Save your old-men-can’t-run jokes, it ain’t that. Two things slowed the game down for the C’s: excellent defense (1st in the NBA in points allowed per 100 possessions) and horrific rebounding (30th in the NBA in total rebounds, although it bears mentioning that the reason they were so low was the offensive rebounding; the C’s were a mediocre-but-slightly-more-acceptable 15th in defensive boards). Opposing teams struggled to get a good look against the stingy Boston defense, and when teams struggle to put up a shot, the shot and game clocks run down. And since the Celtics were mediocre at defensive rebounding, they allowed opposing teams too many offensive rebounds, which took away overall possessions from Boston and lowered pace statistics that are based mainly on possessions.
Also worth noting: the Celtics weren’t particularly efficient in transition opportunities when compared to the rest of the NBA. Much was made about how much better Boston would be if they would “just get out and run more!” which is correct to a certain extent. 1.13 points per possession is good, but when compared to the rest of the league, the C’s were 18th.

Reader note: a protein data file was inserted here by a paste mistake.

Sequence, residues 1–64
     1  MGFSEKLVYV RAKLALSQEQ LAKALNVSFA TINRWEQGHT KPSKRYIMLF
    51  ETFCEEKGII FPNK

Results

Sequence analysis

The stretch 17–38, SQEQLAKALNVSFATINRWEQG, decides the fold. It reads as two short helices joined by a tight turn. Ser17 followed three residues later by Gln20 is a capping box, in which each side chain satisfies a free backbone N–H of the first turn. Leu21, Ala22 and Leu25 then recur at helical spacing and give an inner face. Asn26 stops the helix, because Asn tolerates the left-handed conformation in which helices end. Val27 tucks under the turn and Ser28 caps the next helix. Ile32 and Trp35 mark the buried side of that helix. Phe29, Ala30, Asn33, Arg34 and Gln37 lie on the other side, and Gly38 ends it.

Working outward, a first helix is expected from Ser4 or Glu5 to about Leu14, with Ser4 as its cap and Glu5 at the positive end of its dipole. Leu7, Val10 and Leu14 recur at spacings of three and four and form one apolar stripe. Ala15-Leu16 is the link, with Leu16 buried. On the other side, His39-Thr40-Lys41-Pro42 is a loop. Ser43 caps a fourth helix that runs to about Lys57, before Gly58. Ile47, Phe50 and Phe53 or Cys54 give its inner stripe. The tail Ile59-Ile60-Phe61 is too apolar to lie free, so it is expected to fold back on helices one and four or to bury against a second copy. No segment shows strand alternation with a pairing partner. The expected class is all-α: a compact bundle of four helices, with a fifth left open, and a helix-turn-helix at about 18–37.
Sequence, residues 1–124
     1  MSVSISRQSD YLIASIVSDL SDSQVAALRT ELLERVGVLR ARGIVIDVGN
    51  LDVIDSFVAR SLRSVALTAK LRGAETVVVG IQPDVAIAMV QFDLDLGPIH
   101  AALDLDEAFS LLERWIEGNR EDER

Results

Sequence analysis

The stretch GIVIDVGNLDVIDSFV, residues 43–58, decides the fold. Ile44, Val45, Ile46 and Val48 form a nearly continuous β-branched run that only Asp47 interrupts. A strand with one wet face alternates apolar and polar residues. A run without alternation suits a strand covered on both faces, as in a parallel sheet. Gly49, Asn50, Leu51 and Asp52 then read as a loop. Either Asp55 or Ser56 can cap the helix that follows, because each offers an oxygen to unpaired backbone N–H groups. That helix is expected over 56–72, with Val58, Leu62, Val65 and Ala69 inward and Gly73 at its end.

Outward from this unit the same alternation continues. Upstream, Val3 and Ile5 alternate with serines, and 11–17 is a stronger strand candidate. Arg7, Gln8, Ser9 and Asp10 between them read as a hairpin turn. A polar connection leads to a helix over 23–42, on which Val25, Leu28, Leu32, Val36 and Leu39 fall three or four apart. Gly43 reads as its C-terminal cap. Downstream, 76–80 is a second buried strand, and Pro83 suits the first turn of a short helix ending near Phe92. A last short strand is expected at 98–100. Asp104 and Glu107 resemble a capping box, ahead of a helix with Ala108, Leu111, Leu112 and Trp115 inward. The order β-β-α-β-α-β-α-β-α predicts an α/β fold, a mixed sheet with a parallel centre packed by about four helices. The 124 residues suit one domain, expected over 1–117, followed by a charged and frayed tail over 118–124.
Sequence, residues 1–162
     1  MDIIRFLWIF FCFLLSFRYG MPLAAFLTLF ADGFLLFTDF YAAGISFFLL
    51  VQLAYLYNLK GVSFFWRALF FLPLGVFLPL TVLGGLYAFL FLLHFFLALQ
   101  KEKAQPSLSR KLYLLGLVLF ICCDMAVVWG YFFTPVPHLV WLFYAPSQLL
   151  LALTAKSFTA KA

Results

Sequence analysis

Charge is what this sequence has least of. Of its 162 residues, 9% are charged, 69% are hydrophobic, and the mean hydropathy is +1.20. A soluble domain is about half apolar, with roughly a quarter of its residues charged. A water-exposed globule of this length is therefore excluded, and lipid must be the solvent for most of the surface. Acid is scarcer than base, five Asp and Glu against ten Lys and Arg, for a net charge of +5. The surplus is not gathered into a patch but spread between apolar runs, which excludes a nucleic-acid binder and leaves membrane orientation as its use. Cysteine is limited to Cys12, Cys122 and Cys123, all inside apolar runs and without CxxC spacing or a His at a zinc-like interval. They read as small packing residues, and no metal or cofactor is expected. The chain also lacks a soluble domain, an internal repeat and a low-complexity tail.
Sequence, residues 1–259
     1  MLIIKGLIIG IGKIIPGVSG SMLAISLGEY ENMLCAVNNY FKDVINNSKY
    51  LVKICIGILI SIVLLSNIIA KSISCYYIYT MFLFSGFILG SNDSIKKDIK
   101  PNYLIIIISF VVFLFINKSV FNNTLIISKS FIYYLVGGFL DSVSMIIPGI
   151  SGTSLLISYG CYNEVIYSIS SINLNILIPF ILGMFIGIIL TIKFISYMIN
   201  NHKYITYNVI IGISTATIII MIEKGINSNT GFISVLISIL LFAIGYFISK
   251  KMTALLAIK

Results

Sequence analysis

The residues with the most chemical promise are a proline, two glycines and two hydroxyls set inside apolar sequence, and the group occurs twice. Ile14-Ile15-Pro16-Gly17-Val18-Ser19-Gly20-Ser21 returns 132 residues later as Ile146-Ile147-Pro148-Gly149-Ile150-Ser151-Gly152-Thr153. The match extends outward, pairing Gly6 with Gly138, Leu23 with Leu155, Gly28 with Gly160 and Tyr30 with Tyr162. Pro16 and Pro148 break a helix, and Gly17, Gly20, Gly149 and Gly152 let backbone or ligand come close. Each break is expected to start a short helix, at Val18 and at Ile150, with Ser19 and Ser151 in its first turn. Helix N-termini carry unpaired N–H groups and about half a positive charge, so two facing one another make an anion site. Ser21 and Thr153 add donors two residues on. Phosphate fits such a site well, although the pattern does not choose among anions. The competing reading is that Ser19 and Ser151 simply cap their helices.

Does this ranking affect how Boston will run their transition opportunities? No, of course not. No matter how you stack up against the rest of the league, efficiency is efficiency, and the Celtics were fairly efficient in transition. But there’s quite a bit of room for improvement.
P&R Ball Handler
This position has the potential to take a big jump this season both in percentage used and efficiency thanks to Jason Terry. Terry’s points per possession on P&R Ball Handler plays wasn’t elite by any means (0.84 ppp), but it was much higher than Boston’s as a team.
Terry will also be likely to benefit from Garnett’s